Mutant IDH1 and thrombosis in gliomas

Dusten Unruh, Steven R. Schwarze, Laith Khoury, Cheddhi Thomas, Meijing Wu, Li Chen, Rui Chen, Yinxing Liu, Margaret A. Schwartz, Christina Amidei, Priya Kumthekar, Carolina G. Benjamin, Kristine Song, Caleb Dawson, Joanne M. Rispoli, Girish Fatterpekar, John G. Golfinos, Douglas Kondziolka, Matthias Karajannis, Donato PacioneDavid Zagzag, Thomas McIntyre, Matija Snuderl, Craig Horbinski*

*Corresponding author for this work

Research output: Contribution to journalArticle

58 Scopus citations

Abstract

Mutant isocitrate dehydrogenase 1 (IDH1) is common in gliomas, and produces D-2-hydroxyglutarate (D-2-HG). The full effects of IDH1 mutations on glioma biology and tumor microenvironment are unknown. We analyzed a discovery cohort of 169 World Health Organization (WHO) grade II–IV gliomas, followed by a validation cohort of 148 cases, for IDH1 mutations, intratumoral microthrombi, and venous thromboemboli (VTE). 430 gliomas from The Cancer Genome Atlas were analyzed for mRNAs associated with coagulation, and 95 gliomas in a tissue microarray were assessed for tissue factor (TF) protein. In vitro and in vivo assays evaluated platelet aggregation and clotting time in the presence of mutant IDH1 or D-2-HG. VTE occurred in 26–30 % of patients with wild-type IDH1 gliomas, but not in patients with mutant IDH1 gliomas (0 %). IDH1 mutation status was the most powerful predictive marker for VTE, independent of variables such as GBM diagnosis and prolonged hospital stay. Microthrombi were far less common within mutant IDH1 gliomas regardless of WHO grade (85–90 % in wild-type versus 2–6 % in mutant), and were an independent predictor of IDH1 wild-type status. Among all 35 coagulation-associated genes, F3 mRNA, encoding TF, showed the strongest inverse relationship with IDH1 mutations. Mutant IDH1 gliomas had F3 gene promoter hypermethylation, with lower TF protein expression. D-2-HG rapidly inhibited platelet aggregation and blood clotting via a novel calcium-dependent, methylation-independent mechanism. Mutant IDH1 glioma engraftment in mice significantly prolonged bleeding time. Our data suggest that mutant IDH1 has potent antithrombotic activity within gliomas and throughout the peripheral circulation. These findings have implications for the pathologic evaluation of gliomas, the effect of altered isocitrate metabolism on tumor microenvironment, and risk assessment of glioma patients for VTE.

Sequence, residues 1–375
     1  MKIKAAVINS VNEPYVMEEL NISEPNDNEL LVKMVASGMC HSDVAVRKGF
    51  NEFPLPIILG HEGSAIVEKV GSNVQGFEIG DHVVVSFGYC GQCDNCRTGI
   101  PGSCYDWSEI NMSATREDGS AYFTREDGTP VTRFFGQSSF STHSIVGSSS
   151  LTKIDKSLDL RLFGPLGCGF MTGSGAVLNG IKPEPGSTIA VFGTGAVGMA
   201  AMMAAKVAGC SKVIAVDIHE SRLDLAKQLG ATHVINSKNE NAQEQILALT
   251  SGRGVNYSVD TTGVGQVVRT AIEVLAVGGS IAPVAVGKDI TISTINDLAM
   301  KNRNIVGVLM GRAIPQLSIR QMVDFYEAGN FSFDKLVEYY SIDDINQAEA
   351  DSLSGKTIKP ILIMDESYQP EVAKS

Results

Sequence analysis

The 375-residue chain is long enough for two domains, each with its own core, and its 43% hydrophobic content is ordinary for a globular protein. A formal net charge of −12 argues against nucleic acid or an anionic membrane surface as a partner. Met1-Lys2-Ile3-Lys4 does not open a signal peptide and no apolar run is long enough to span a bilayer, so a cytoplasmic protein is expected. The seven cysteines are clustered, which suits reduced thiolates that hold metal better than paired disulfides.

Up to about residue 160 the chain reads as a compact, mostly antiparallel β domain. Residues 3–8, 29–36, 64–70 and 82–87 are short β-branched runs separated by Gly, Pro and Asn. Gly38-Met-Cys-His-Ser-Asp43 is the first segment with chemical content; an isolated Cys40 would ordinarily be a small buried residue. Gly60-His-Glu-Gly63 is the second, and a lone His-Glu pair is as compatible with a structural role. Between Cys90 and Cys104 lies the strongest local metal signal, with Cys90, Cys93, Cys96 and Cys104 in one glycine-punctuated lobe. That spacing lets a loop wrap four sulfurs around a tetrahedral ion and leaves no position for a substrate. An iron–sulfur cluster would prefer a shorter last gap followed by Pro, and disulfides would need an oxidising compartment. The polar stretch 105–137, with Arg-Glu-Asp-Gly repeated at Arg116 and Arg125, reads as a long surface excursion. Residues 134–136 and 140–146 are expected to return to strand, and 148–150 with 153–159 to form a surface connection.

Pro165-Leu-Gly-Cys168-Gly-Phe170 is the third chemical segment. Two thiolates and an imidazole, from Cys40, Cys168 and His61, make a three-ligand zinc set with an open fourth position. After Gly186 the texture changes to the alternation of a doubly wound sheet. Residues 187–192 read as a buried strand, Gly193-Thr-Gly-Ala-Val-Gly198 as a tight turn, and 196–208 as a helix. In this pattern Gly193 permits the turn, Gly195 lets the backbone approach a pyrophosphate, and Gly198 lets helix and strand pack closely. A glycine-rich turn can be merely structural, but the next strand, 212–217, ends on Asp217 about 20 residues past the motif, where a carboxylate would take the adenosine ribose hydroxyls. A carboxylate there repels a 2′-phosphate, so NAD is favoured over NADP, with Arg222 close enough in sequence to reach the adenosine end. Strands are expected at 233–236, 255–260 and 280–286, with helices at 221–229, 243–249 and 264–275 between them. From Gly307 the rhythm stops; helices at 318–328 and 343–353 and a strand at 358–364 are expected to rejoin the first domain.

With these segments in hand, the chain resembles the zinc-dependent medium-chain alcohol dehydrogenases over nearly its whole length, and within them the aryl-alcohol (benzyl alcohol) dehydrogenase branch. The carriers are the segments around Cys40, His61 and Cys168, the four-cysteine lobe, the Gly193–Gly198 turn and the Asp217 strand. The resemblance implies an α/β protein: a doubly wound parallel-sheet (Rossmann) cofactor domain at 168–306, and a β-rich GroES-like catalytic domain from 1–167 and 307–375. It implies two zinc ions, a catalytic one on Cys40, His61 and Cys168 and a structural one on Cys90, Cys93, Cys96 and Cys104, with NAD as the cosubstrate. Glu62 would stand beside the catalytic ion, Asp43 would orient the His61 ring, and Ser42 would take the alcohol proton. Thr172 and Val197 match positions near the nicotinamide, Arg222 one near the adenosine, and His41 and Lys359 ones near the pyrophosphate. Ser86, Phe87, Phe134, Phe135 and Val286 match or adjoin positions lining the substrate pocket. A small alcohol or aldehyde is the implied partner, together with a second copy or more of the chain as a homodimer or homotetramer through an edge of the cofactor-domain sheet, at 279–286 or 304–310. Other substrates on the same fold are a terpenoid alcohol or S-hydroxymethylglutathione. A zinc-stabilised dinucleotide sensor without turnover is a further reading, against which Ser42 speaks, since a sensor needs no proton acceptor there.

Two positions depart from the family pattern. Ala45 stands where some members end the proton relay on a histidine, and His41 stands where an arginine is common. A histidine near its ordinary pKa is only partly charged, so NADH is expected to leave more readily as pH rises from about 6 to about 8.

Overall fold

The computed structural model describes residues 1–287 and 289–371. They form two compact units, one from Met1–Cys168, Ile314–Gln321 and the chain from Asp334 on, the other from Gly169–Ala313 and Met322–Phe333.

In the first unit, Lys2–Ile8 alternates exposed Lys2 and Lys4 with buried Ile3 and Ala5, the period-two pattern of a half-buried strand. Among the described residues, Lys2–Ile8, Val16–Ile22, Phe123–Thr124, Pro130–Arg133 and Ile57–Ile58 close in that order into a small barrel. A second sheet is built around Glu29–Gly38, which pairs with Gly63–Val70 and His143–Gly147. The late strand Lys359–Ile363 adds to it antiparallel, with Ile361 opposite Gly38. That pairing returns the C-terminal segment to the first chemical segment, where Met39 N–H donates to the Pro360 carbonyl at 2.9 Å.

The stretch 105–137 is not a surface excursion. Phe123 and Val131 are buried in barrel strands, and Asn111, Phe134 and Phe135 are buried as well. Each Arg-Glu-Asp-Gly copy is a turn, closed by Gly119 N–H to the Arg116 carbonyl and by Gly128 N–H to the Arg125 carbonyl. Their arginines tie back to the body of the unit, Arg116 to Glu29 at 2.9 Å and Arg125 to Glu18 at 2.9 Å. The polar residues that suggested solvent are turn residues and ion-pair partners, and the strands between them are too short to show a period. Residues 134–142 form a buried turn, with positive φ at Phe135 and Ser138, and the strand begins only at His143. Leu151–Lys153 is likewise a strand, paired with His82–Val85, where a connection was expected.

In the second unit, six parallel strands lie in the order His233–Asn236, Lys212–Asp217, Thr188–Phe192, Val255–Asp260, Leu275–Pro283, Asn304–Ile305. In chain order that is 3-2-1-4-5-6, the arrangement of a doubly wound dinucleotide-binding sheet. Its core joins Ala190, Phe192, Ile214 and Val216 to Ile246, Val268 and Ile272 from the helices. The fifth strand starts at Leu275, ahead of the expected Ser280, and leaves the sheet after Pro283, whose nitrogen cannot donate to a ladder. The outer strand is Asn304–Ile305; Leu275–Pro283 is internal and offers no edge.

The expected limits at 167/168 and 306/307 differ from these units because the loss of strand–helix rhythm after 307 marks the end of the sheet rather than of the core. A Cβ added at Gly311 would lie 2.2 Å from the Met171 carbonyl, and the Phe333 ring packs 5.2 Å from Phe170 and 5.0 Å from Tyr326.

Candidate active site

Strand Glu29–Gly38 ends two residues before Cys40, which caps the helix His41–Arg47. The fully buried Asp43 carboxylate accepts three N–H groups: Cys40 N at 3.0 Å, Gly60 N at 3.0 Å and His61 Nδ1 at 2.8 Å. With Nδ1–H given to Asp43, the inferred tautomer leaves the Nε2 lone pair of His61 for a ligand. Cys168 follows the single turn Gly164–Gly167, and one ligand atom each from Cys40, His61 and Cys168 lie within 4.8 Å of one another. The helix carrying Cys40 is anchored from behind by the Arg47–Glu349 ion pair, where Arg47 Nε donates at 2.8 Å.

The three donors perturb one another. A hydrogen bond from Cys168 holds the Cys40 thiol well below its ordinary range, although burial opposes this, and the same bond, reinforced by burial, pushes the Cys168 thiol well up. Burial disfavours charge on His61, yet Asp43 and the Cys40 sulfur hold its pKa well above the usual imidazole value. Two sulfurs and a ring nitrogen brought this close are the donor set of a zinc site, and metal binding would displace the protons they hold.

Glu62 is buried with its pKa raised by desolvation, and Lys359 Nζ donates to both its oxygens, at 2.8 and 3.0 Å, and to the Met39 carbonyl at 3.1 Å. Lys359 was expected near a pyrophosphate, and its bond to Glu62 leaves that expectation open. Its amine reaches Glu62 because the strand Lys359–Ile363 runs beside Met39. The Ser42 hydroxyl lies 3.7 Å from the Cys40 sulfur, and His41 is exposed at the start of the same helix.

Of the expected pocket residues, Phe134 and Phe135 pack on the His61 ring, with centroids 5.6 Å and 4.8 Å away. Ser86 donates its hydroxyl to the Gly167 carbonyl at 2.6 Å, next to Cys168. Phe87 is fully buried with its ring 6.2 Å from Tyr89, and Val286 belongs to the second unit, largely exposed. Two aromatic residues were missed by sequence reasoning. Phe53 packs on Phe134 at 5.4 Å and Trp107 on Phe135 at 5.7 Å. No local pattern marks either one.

Original languageEnglish (US)
Pages (from-to)917-930
Number of pages14
JournalActa Neuropathologica
Volume132
Issue number6
DOIs
StatePublished - Dec 1 2016

ASJC Scopus subject areas

  • Pathology and Forensic Medicine
  • Clinical Neurology
  • Cellular and Molecular Neuroscience

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  • Cite this

    Unruh, D., Schwarze, S. R., Khoury, L., Thomas, C., Wu, M., Chen, L., Chen, R., Liu, Y., Schwartz, M. A., Amidei, C., Kumthekar, P., Benjamin, C. G., Song, K., Dawson, C., Rispoli, J. M., Fatterpekar, G., Golfinos, J. G., Kondziolka, D., Karajannis, M., ... Horbinski, C. (2016). Mutant IDH1 and thrombosis in gliomas. Acta Neuropathologica, 132(6), 917-930. https://doi.org/10.1007/s00401-016-1620-7